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Is colonialism history? The declining impact of colonial legacies on African institutional and economic development

  • ROBBERT MASELAND (a1)
Abstract

This paper investigates the claim that colonial history has left an enduring imprint on Africa's institutional and economic development. The literature following Acemoglu, Johnson and Robinson (2001) and Sokoloff and Engerman (2000) maintains that different types of colonialism affected the institutional environment differently, and that path-dependence subsequently ensures that these institutional differences and their impact on economic performance are persistent over time. By tracing the impact of colonial institutions on contemporary institutions over time, I show that – in contrast to claims in this literature – the relevance of colonial legacies to institutional quality and to per capita income is rapidly disappearing in Africa. Differences in institutional quality or income are explained less and less by colonial legacy, while there is some evidence that precolonial social and geographical circumstances are becoming more important. I conclude that while colonialism has affected African institutional and economic development significantly, this impact is not persistent. Rather, the evidence suggests that colonialism has created a large but very temporary institutional shock, after which a long-run equilibrium is being restored.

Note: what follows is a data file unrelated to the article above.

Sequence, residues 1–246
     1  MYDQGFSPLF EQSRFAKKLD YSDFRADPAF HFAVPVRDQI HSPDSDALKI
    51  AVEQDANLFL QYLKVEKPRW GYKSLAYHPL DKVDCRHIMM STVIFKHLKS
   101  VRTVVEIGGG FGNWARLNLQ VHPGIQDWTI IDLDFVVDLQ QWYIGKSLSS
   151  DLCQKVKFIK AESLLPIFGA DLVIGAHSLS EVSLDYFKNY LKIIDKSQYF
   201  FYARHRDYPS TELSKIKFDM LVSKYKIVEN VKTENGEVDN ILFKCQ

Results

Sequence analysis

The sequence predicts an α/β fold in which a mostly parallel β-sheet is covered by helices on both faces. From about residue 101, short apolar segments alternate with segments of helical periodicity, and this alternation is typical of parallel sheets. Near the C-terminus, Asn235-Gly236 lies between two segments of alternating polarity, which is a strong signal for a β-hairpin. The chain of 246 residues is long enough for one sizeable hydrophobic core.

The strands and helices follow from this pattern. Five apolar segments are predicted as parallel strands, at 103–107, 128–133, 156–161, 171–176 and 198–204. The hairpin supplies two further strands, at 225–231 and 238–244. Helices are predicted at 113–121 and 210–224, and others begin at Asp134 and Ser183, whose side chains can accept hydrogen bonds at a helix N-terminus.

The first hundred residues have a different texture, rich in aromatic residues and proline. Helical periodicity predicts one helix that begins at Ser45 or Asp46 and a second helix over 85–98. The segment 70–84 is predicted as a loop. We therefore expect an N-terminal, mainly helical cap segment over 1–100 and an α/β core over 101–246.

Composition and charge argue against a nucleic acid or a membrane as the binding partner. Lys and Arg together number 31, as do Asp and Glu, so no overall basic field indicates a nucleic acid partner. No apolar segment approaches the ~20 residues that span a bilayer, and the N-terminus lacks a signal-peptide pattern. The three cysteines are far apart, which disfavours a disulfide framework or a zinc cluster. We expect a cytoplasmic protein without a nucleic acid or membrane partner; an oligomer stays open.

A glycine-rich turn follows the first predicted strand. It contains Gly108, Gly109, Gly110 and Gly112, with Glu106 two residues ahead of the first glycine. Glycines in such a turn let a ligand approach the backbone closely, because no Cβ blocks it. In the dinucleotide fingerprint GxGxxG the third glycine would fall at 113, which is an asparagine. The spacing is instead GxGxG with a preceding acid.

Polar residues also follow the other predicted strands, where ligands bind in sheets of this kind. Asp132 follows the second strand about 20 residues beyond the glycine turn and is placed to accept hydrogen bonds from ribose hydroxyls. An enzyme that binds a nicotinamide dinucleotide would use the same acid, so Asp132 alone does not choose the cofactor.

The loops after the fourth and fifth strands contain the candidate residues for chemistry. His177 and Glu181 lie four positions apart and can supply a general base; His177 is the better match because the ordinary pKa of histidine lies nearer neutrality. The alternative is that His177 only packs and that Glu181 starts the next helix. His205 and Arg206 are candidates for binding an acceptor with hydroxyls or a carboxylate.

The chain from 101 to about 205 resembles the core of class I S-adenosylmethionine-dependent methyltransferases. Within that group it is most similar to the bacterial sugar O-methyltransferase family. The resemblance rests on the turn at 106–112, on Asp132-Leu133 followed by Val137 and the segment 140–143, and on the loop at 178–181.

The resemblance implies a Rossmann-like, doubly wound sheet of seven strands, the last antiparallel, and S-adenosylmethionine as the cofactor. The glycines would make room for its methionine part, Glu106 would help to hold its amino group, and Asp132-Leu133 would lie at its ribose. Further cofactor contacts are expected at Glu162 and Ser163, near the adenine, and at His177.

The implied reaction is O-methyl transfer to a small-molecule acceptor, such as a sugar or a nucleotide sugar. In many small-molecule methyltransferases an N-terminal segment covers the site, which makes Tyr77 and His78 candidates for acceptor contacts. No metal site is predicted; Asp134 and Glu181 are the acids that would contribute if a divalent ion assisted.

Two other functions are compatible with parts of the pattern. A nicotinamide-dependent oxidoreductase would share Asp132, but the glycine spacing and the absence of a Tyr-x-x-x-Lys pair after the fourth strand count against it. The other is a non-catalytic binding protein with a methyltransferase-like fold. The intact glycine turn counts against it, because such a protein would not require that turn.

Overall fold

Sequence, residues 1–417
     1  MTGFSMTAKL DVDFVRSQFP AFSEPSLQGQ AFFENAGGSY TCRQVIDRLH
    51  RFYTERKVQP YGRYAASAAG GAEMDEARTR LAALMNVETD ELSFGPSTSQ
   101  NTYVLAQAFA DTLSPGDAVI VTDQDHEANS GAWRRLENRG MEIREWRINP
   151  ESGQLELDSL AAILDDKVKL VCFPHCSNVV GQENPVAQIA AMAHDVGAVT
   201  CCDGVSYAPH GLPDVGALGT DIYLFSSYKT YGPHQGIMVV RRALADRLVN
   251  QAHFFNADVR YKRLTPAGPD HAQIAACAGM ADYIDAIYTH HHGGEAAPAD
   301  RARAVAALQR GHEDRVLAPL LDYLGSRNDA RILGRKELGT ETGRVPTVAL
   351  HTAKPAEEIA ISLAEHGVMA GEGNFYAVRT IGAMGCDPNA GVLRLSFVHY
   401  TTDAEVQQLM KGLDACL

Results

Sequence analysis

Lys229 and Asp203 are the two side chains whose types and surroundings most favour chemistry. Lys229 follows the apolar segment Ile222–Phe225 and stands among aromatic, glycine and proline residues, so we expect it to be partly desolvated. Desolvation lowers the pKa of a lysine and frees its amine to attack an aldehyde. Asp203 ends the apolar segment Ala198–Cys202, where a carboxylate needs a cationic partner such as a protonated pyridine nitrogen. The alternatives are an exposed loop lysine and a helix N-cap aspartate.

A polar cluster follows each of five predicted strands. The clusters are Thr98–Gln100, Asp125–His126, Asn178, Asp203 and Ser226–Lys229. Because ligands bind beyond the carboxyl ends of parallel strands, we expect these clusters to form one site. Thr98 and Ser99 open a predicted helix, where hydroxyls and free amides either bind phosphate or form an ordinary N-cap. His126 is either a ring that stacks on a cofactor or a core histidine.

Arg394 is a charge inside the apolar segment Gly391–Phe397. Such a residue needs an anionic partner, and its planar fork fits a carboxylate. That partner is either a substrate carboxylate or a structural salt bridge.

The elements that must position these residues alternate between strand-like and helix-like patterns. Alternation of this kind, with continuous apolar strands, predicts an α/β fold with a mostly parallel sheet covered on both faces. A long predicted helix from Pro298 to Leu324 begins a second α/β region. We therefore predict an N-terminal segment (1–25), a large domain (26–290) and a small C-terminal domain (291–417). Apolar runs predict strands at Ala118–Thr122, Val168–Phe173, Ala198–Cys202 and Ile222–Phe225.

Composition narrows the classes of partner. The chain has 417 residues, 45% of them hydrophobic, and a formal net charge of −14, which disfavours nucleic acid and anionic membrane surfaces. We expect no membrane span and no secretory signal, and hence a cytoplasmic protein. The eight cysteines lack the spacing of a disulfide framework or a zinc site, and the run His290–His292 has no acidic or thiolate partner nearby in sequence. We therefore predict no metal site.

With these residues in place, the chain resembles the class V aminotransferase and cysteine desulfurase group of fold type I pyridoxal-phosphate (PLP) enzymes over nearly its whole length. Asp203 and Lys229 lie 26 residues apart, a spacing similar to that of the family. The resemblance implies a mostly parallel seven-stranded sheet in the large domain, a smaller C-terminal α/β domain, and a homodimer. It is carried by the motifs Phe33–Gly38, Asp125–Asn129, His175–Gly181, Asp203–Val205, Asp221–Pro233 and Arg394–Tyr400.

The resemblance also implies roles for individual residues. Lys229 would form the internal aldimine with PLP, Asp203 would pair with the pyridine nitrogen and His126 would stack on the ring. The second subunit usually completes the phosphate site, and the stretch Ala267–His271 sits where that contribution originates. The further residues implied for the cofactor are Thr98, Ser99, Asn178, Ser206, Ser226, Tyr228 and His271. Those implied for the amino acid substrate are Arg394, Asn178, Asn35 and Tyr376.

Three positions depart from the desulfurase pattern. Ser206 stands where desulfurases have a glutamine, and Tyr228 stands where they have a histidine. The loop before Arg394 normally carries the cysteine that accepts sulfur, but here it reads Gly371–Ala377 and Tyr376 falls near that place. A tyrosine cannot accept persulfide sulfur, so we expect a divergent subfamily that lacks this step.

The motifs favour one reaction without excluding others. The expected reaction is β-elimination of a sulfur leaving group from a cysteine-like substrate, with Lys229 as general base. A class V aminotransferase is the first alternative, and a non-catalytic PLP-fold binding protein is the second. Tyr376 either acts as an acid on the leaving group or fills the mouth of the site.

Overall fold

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Corresponding author
* r.k.j.maseland@rug.nl
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Journal of Institutional Economics
  • ISSN: 1744-1374
  • EISSN: 1744-1382
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